Holocaust Remembrance Day has become an event renown to a large number of Italians. An important achievement of values that, however, cannot be taken for granted or considered fully acquired. But there is the risk, if memory is not consolidated, that the attention to the event itself and to all the related subject matters could decrease even conspicuously, progressively abandoning “the mind and the hearts”, as sociologist Riccardo Grassi would say. This is what emerges from the ninth survey on “Italians and Holocaust Remembrance Day” carried out by the research institute SWG in collaboration with Pagine Ebraiche. A diachronic photograph taken over time, capturing the development of this awareness from 2014 until today.
“The pandemic has affected most aspects of our daily life in the last two years. What emerges, regarding Holocaust Remembrance Day, is a slight decline in both the spontaneous memory and the proper recognition of this event” highlighted Grassi, explaining the results of the survey in a debate between the Union of the Italian Jewish Communities’ editorial team and its lead editor Guido Vitale participated also by UCEI President Noemi di Segni and Betti Guetta, sociologist of the Observatory of Antisemitism of the Centre of Contemporary Jewish Documentation. “Therefore, the pandemic, like a big black hole, may overshadow all the other subjects, including the memory of the Holocaust”.
The survey confirms that the number of people that are capable of recognizing “January 27th as Holocaust Remembrance Day” is significantly declining. The percentage goes indeed from 55,6% in 2021 to 52,3% registered this year. Even more unsettling is the decrease in the number of correct answers in a multiple-choice questionnaire. In this case, it drops, in just twelve months, from 57,9% to 49,5% of the total. On the other hand, the personal data on the involvement remained stable, affecting two thirds of the interviewees (67%). Likewise, “the perception that, beyond the personal situation, Italians are not very involved” remains predominant, points out Grassi and this is shown by 58% of the interviewees.
A notable growth in those who believe that Holocaust Remembrance Day must be celebrated, confirms a trend already registered in 2020 and 2021. This is, compared to the past, a sign of a change in the meaning of this day and an updating of its content”. Holocaust Remembrance Day is considered “right” by 39% of Italians, “educational” by 37% and “necessary” by 33%. 10% describes it as “rhetorical”, while 5% as “useless”. One of the most alarming figures: for 23% of the interviewees Holocaust Remembrance Day “is no longer of any use”.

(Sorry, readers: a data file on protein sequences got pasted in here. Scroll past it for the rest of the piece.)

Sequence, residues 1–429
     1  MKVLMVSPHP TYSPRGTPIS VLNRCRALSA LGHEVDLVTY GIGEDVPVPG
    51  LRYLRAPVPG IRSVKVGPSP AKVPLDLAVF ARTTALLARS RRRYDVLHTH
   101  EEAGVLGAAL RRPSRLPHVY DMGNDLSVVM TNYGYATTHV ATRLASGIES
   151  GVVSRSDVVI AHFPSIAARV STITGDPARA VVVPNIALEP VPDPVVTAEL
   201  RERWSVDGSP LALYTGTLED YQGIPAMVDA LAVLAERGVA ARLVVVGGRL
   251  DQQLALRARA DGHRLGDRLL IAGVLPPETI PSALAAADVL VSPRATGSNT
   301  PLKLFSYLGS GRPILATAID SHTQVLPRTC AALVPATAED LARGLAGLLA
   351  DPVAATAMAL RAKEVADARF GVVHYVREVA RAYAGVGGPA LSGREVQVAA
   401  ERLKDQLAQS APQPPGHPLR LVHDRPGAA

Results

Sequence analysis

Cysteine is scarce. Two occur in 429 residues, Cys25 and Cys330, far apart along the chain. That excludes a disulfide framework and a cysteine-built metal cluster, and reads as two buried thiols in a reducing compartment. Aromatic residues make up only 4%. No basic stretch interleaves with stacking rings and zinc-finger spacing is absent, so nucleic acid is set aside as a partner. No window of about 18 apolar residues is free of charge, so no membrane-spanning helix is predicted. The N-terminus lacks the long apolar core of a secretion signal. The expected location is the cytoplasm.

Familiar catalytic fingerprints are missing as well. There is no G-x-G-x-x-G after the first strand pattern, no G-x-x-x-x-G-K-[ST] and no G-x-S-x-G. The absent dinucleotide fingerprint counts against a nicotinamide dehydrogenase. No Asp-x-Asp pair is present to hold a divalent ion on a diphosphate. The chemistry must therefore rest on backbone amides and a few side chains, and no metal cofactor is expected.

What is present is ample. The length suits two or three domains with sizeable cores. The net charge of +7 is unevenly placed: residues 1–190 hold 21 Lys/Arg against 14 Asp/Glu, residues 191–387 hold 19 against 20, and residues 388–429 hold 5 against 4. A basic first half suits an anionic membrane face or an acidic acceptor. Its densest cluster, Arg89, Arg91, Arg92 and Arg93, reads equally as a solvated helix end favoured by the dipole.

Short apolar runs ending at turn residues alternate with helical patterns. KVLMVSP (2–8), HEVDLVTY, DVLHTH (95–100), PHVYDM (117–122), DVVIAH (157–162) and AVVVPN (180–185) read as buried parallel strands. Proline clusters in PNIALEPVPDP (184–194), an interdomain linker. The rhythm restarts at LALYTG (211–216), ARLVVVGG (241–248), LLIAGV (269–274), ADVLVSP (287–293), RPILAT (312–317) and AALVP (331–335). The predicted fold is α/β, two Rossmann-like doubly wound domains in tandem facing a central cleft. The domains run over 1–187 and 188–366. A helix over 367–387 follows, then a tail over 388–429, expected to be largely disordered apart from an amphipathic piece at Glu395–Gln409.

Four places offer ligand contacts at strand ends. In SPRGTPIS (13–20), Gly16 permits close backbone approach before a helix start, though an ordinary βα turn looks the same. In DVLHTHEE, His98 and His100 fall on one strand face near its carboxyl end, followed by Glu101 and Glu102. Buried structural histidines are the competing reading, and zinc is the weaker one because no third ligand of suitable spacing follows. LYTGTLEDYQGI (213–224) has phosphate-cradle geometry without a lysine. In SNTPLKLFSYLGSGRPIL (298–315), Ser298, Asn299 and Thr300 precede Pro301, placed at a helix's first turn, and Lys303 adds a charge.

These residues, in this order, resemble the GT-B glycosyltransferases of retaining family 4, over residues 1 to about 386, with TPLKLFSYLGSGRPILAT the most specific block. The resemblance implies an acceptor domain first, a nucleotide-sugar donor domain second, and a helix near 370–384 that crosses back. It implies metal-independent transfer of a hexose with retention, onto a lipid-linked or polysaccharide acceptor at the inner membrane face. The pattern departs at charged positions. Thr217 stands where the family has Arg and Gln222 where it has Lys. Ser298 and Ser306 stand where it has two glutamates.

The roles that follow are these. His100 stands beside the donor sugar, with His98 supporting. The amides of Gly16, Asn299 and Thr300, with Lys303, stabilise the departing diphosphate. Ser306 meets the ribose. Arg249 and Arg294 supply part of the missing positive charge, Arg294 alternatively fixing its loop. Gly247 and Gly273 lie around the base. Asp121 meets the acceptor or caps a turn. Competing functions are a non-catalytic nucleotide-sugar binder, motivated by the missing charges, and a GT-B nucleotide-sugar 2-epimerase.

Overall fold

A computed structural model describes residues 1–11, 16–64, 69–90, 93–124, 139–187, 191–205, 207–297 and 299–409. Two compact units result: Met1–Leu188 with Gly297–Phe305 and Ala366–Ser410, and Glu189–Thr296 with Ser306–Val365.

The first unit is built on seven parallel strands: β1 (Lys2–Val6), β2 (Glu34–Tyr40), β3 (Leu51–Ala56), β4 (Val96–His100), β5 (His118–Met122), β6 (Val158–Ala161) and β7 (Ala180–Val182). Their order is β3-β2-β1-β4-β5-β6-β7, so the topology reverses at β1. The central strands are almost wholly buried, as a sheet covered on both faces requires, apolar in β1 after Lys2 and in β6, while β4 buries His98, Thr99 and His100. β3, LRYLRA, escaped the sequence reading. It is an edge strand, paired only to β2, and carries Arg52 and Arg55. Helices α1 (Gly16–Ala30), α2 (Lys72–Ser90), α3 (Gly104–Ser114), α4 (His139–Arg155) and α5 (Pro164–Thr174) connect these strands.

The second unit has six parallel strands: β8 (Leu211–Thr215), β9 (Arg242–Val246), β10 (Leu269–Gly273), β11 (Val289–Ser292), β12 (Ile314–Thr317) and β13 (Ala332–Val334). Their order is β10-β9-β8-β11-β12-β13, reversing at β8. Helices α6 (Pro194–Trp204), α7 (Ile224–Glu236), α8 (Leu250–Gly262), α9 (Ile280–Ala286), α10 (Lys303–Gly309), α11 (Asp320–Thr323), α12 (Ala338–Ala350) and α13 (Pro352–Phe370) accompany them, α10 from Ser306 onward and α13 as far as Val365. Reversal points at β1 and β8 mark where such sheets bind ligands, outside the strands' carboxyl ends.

One of the analysed elements is the political leanings of the interviewees. As much as the prevalent perception among the voters of the right-wing political parties Lega and Brothers of Italy is that “it is right to remember this anniversary”, the percentage of those who attribute a rhetorical value to it is very high. Nevertheless, “the percentage of those who believe that antisemitism is widespread in Italy is also increasing within this electorate, even though a gap between such political groups and the others is still remarkable”.
On the other hand, among the voters of the syncretic political party 5 Stars Movement, a large majority perceives it as a due and right deed, while a particularly low percentage considers it as necessary and educational. Among the Democratic Party, one out of two attributes “a necessary meaning to this Day primarily, and a due and right meaning secondarily. The politically undecided interviewees seem to have less clear ideas. Perhaps, a sign of “a general lack of interest in these themes”.
All these numbers together make up a precious support for elaborating interventions and wide-ranging strategies. According to President Di Segni, in view of all the obstacles, this is a necessary effort to create a conscious Memory. The confusion among the public opinion may be also caused by the insidious attempt to compare different events and “Memories” together. “I believe it is important to understand as much as possible if this is the result of a ‘benevolent’ ignorance or if there is more behind, in order to know how and in which direction to work”. According to Betti Guetta, the most difficult aspect is “the increase in meaningless conspiracy theories”.
The last annual report of the Observatory of Antisemitism, now online, points out the same. The universe of antisemitic hatred, in its numerous variations and shades, appears to be ” a complex and ambivalent world and, unfortunately, also a dangerous one, as never seen before”.
The lead editor Guido Vitale is grateful for this productive collaboration and for “the stability of this initiative that, thanks to its nature, allows us to efficiently measure the variations every year”.
Above, the cover of the survey “Italians and Holocaust Remembrance Day” realized by the research institute SWG in collaboration with Pagine Ebraiche.
Translated by Alice Pugliese and revised by Gianluca Pace, students at the Advanced School for Interpreters and Translators of the University of Trieste and interns at the newspaper office of the Union of the Italian Jewish Communities.